Vasai – Agrarian Society

For several centuries people of Vasai depended on agriculture, everything revolved around agriculture. Traditions, marriages and celebrations incorporated agricultural aspects of everyday life. For example, marriages took place before or after harvests. A family’s worth was measured in how much land they owned and how much they could harvest. Strength of the family was in number of children, as children later as adults would then help in agriculture.

Since the early 1980’s, people’s land in areas such as Virar, Nala-Sopara, Vasai were either taken forcibly from them or  forced to sell their lands at a very cheap price through intimidation and violence by thugs and gangsters. As a result people have gradually moved from agricultural society to finding other means of livelihood. Here are some pictures that provide a glimpse of the fading agricultural society. (Collection and courtesy of Louis P. Rumao).

Planting Banana Trees

People harvested many corps mainly: Rice, Bananas, Coconuts, a variety of vegetable, flowers sold for pooja and decorative purposes.
Here you see young banana plants are planted in neat rows in a plot that has been leveled and weeded. Plots were prepared by burning dry banana leaves and stems to burn the weeds. Next, the land was tilled using a plow or Nangar, pulled by two bullocks. After plowing the land was leveled and ready for planting. A typical plot was limited to 100 to 200 plants to keep it manageable for irrigation. The spacing between the plants was measured by a measuring stick called kanda approximately 6 feet long. It takes almost one year for the banana plant to mature and produce a fruit.

Mature banana fruit ready to be harvested

This picture shows a banana plant with mature fruit to be harvested. The specific variety of banana plant (locally called Bengali) producing this fruit you see in this picture is just about extinct in Vasai. The plants were destroyed by a virus that makes leaves grow in a bunch. It is called a bunchy top disease. Unfortunately this is the most common type of banana sold in the market and preferred by consumers.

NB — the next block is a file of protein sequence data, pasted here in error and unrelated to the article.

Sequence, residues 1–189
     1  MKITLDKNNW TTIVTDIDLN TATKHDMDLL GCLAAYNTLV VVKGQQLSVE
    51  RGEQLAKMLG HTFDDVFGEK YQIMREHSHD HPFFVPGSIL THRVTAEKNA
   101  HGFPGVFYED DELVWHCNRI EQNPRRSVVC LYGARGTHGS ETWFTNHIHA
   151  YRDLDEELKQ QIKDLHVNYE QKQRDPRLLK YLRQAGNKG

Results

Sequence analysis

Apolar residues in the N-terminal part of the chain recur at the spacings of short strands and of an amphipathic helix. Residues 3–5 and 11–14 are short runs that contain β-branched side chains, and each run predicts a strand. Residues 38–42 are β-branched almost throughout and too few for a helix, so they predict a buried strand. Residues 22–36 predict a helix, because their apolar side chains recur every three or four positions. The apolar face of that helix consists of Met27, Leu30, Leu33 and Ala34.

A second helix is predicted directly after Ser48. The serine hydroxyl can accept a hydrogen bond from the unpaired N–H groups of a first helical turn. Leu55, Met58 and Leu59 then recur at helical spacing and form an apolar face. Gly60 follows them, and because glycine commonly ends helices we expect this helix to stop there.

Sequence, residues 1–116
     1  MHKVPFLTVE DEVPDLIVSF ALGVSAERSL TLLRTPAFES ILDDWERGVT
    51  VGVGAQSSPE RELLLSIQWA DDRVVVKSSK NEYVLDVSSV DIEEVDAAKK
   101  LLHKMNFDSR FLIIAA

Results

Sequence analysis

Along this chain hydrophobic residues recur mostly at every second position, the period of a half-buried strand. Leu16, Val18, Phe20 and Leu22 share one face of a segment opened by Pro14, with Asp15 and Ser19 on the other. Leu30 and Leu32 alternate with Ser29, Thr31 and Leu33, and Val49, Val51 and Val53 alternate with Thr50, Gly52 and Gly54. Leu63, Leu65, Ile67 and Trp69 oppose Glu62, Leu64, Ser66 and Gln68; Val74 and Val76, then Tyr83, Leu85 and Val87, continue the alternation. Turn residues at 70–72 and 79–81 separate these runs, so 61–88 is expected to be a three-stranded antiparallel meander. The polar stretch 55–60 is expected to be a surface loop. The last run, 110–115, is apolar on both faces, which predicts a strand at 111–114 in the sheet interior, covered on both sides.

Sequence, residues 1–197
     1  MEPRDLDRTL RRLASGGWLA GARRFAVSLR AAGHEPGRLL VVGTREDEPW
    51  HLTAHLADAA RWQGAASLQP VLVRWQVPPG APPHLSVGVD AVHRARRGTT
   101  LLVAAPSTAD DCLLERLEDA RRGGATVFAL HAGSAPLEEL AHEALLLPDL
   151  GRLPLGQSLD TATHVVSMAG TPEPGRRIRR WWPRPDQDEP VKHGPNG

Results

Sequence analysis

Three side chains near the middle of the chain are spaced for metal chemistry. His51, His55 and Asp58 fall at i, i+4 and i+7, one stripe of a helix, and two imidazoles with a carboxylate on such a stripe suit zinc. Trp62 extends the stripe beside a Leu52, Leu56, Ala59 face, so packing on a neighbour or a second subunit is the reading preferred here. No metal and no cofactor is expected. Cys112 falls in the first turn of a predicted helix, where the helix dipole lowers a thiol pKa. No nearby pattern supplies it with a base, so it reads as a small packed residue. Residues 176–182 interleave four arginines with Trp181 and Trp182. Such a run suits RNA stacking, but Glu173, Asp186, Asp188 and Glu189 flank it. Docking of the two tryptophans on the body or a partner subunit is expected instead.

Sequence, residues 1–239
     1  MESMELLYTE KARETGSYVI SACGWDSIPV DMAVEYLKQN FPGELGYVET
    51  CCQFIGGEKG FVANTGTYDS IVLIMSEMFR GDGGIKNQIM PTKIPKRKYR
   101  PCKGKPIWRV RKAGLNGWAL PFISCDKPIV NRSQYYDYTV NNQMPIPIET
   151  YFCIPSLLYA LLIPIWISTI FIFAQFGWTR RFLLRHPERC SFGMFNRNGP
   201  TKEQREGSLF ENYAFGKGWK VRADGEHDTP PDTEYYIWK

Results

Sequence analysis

Man lowering banana fruit-Rajali variety ~1970’s
Banana fruit is carried using a wooden pole called Kavad.

Rice was harvested after monsoons when field are sufficiently dry. Once the rice plants are cut, they are laid flat to dry for a few days. Then the dried rice plants are rolled into a bail called Bhara using a rope called bundh, approximately one meter long,  made from dry banana tree stems. The harvested rice bails were piled on modified bullock cart called Hataya Gada and emptied into a clean flat space called Khala in circular pile called Udva. Udva is capped downward by smaller bails of hay to protect it from unexpected rains. When labor is freed after harvesting rice is ready to be processed.  The larger rice bails are sub divided into phauli and trashed to separate rice grains from the rice plants. The process is called Zodni.. Rice grains are sun dried and stored for future use. The rice straw is softened by trampling of 4 to 5 bullocks or male water buffalos to produce hay or Pendha. This process is called Malni. This hay is used as a feed for cows and bullocks.

Malni – Creating hay

This picture shows the Malni process. The male water buffalos are made to rotate around a central stump of wood. As they walk in a circular fashion, more rice straw is added. If the rice straw is too stiff, it occasionally sprinkled with water to soften it. After a few hours when the hay builds up it is removed and bailed into an elongated bail. Two bails are tied together to make a Pandyai londi. These bails are stored in a barn called Padal.

Flowers grown for sale

Flower plantation for commercial purposes was a more recent trend. Flowers such as Jasmine and Marigolds were profitable but very labor intensive. This picture shows a field of flowers, locally called Piwli and German (For the predominant yellow color of the flowers).

 

Toddy palm tree – toddy harvested in clay pot

Agriculture also includes toddy collection. Toddy is collected by cutting floral stalks of the toddy palm tree. The sap is then collected in clay pots called “matka”. Naturally occurring yeast ferments the sap and as the day gets warmer the alcohol content in the toddy gradually increases Toddy is collected twice a day, the morning batch is very sweet whereas the afternoon batch is higher in alcohol content. A person who tends to and collects toddy is called a bhandari.

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